Bluechip junior welterweight prospect Josh Taylor faces his toughest opponent to date on Saturday, June 23 at the SSE Hydro in Glasgow. Former WBO junior welterweight title holder Viktor Postol, age 34, is the man charged the task of testing Taylor’s mettle.
Taylor-Postol is a noteworthy crossroads matchup between one fighter on the rise, Taylor, and another, Postol, trying to maintain divisional relevancy. According to the Transnational Boxing Rankings Board, both are among the top fighters in the junior welterweight division.
Taylor, age 27, is well regarded in boxing circles and is seen by some as a future 140-pound world champion. With former undisputed and lineal junior welterweight champion Terence Crawford vacating his world titles to campaign at 147, and Mikey Garcia moving back down the scales to ply his trade as a lightweight titleholder, Taylor (12-0, 11 KOs) has some good space at 140 pounds to make his mark.
Taylor has limited professional experience, but he was an elite amateur. Moreover, his handlers have pushed him up the prizefighting ranks ambitiously against some relatively stalwart opposition. In 2017, he became the first fighter to stop former lightweight titleholder Miguel Vazquez, and he was set to face veteran slugger Humberto Soto before the latter pulled out with an injury.
A southpaw, Taylor has fast hands, good power and he really seems to maintain balance when throwing combinations.
Postol (29-1, 12 KOs) is an excellent boxer with good feet and limited power. He was a relative unknown to the world boxing scene until he shockingly knockout out Lucas Matthysse in 2015 for the WBC junior welterweight title.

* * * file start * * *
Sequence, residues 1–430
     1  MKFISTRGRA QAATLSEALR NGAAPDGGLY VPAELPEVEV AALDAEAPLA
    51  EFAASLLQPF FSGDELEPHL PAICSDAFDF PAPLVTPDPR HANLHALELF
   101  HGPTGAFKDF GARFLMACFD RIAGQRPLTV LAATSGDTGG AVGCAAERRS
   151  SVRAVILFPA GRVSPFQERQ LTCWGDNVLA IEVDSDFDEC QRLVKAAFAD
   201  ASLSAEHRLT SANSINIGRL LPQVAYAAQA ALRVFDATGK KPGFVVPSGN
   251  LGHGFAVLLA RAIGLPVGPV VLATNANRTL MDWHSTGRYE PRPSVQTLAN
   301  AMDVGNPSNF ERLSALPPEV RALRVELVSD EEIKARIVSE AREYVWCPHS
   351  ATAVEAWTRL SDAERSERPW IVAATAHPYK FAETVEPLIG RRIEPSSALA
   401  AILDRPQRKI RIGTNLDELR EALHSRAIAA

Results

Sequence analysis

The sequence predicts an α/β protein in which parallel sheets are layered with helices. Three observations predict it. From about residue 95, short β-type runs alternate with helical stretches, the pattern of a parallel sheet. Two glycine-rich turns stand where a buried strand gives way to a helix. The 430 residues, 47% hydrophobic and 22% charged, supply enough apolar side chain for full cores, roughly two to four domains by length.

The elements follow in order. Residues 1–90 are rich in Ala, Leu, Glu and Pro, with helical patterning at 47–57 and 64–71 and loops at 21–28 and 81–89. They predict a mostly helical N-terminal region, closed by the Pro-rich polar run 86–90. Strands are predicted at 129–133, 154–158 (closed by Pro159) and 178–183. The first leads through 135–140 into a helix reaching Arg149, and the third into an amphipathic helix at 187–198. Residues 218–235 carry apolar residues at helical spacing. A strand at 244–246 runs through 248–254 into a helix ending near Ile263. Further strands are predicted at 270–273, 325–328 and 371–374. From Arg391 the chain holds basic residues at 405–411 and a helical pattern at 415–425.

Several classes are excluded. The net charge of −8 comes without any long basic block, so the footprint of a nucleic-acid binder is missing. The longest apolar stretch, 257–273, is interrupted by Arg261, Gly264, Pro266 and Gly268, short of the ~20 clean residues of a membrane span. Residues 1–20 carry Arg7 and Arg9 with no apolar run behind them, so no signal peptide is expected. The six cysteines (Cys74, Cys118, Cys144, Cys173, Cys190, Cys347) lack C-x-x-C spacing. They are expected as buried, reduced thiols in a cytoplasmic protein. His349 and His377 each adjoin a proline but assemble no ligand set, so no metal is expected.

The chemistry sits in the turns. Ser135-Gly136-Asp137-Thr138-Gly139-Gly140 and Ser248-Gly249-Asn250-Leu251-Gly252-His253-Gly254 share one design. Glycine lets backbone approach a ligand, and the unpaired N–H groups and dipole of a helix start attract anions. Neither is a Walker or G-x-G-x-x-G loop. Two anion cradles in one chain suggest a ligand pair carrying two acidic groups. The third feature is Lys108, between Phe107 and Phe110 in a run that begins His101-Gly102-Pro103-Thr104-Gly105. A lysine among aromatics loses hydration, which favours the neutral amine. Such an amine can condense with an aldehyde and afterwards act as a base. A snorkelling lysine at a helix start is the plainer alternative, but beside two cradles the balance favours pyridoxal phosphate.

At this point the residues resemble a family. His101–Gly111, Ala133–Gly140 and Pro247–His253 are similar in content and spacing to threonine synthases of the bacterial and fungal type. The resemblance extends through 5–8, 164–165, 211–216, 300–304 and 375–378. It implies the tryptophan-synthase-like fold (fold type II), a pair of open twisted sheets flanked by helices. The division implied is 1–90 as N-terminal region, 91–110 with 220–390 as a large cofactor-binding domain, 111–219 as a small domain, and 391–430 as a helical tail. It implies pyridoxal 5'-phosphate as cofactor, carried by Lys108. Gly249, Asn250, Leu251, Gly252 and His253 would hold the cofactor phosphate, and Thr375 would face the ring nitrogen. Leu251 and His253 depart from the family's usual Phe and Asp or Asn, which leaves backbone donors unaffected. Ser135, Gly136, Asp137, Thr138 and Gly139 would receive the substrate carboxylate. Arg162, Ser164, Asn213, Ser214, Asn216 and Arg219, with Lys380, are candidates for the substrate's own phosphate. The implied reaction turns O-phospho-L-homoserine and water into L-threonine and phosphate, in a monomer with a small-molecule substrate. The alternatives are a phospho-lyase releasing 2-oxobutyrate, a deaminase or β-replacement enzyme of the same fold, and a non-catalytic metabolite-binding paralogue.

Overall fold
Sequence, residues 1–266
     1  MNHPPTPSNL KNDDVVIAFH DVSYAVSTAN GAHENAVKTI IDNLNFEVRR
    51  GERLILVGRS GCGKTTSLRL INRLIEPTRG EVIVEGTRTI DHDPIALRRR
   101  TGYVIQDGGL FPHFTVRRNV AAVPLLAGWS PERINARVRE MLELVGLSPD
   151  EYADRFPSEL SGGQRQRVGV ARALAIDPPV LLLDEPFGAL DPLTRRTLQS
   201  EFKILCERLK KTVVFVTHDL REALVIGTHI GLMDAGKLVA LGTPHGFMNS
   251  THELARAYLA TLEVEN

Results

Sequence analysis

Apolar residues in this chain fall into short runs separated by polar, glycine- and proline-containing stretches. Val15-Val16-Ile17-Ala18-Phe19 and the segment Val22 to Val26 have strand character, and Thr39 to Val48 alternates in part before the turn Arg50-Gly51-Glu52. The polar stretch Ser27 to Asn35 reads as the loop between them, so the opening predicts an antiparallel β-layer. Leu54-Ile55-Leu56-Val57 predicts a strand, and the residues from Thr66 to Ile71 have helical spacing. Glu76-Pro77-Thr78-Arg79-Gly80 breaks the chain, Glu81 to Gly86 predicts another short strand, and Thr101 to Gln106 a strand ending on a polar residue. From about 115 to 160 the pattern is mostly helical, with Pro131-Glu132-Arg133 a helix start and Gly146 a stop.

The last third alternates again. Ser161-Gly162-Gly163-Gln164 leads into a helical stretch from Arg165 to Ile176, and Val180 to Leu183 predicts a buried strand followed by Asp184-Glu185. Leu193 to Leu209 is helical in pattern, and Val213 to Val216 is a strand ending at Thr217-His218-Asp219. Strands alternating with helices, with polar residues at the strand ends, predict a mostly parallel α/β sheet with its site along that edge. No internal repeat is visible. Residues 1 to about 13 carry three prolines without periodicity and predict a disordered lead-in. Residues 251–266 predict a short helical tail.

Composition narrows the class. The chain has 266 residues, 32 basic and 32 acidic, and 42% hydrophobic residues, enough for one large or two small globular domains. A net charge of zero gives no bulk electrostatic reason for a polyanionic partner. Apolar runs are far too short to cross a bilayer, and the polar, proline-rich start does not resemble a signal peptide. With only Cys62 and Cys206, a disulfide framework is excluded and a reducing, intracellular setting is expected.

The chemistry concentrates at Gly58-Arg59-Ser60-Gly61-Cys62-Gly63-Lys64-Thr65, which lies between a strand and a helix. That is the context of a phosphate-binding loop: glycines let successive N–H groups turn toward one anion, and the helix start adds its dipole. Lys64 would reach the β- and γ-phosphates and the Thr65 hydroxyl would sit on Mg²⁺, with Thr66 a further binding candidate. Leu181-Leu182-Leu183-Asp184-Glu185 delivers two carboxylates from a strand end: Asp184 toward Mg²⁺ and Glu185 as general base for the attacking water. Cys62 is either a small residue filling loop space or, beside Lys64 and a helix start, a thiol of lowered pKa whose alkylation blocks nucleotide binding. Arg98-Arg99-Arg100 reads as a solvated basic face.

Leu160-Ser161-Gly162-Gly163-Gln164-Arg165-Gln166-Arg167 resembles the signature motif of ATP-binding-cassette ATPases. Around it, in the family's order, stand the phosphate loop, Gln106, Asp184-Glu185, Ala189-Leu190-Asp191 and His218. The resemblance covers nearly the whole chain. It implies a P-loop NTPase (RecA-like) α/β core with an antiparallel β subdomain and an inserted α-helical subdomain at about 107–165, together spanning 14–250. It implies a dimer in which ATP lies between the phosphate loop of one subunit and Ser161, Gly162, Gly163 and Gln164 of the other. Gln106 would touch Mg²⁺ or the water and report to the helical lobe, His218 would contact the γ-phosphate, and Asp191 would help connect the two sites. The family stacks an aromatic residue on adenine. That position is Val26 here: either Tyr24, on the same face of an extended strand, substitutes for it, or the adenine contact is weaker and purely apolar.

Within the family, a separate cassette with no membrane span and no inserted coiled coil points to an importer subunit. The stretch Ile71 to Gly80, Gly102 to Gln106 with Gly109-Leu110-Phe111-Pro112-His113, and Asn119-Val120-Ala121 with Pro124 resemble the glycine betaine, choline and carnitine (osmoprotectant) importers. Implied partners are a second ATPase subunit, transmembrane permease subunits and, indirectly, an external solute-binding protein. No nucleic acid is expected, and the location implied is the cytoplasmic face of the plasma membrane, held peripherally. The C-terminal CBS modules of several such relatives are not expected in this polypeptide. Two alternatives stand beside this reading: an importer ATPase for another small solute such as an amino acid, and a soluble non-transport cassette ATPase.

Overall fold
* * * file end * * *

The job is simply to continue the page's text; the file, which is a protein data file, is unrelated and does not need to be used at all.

Against Taylor, Postol will once again hope to play the role of spoiler. Postol is the type of fighter who appeals to matchmakers because he checks all the boxes of a promotable opponent. He’s a competent professional who knows what he’s doing in the ring. He has an excellent record and boasts solid credentials. But he doesn’t carry enough dynamic one-punch power to win a fighter via lucky punch.
Postol is incredibly crafty and has shown a proclivity to being a real force on fight night so long as he’s not facing a huge talent deficit. Against the likes of a one-dimensional Matthysse, Postol is good enough to play the spoiler. But against an elite level talent like Crawford, who handed Postol his first professional loss in the very next fight? Postol simply doesn’t enough speed or power to cope.
According to bookmaker Karamba, Taylor is a significant favorite heading into the fight at -2000. 888sport lists Taylor at -909, so depending on how you think the fight will playout, you might be able to shop around for what you want.
In general, bookmakers tend to believe high-value prospects with elite level industry leaders behind them (like Taylor has in manager and promoter Barry McGuigan) know what they’re doing when making crossroads fights like this one. Moreover, the bout will be fought in Glasgow, so Taylor should also enjoy some boisterous support from the crowd, and judges are notorious for getting caught up in home crowd atmospheres.
Postol is +675 with Karamba and +575 with 888sport. From a purely boxing betting perspective, he probably won’t be able to match Taylor’s speed and power. While his win over Matthysse proved how capable a fighter he can be in certain circumstances, his dismantling at the hands of Crawford in the very next fight lends credence to the idea that he’s a good title contender but not really an elite level talent.
If you’re looking for a value play, and you think Taylor might not be ready for a fighter as crafty as Postol, 888sport will let you lay down on the draw at +2200. It’s not outside the realm of possibility that Postol outboxes Taylor over 12 rounds.
If that’s the case, picking the draw isn’t a bad option because history suggests judges sway toward the money fighter at home (Taylor), so even if Postol wins 7 or 8 rounds, the best he might be able to get out of town with would a draw.